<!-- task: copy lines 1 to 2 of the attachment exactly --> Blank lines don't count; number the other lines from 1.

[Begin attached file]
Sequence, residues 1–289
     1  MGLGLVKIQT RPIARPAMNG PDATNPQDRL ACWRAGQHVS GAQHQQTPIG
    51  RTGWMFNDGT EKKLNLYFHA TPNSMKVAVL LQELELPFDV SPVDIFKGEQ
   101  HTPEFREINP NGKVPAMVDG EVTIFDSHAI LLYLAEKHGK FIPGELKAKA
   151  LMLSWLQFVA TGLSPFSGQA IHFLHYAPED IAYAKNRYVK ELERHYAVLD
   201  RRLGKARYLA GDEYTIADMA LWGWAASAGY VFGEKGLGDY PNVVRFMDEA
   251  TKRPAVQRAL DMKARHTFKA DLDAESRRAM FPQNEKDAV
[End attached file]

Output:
Sequence, residues 1–289
     1  MGLGLVKIQT RPIARPAMNG PDATNPQDRL ACWRAGQHVS GAQHQQTPIG